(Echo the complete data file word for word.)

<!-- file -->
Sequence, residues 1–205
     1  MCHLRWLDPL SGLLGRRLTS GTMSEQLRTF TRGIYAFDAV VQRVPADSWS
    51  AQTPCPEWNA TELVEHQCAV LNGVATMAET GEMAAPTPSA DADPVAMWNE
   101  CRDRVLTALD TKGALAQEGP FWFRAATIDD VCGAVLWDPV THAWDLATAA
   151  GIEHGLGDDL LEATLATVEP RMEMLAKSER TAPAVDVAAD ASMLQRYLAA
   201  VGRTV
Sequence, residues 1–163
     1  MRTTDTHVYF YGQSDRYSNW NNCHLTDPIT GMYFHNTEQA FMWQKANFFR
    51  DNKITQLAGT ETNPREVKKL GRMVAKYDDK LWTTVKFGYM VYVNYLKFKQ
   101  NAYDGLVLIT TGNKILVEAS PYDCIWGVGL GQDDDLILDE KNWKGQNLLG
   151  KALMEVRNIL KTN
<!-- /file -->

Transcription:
Sequence, residues 1–205
     1  MCHLRWLDPL SGLLGRRLTS GTMSEQLRTF TRGIYAFDAV VQRVPADSWS
    51  AQTPCPEWNA TELVEHQCAV LNGVATMAET GEMAAPTPSA DADPVAMWNE
   101  CRDRVLTALD TKGALAQEGP FWFRAATIDD VCGAVLWDPV THAWDLATAA
   151  GIEHGLGDDL LEATLATVEP RMEMLAKSER TAPAVDVAAD ASMLQRYLAA
   201  VGRTV
Sequence, residues 1–163
     1  MRTTDTHVYF YGQSDRYSNW NNCHLTDPIT GMYFHNTEQA FMWQKANFFR
    51  DNKITQLAGT ETNPREVKKL GRMVAKYDDK LWTTVKFGYM VYVNYLKFKQ
   101  NAYDGLVLIT TGNKILVEAS PYDCIWGVGL GQDDDLILDE KNWKGQNLLG
   151  KALMEVRNIL KTN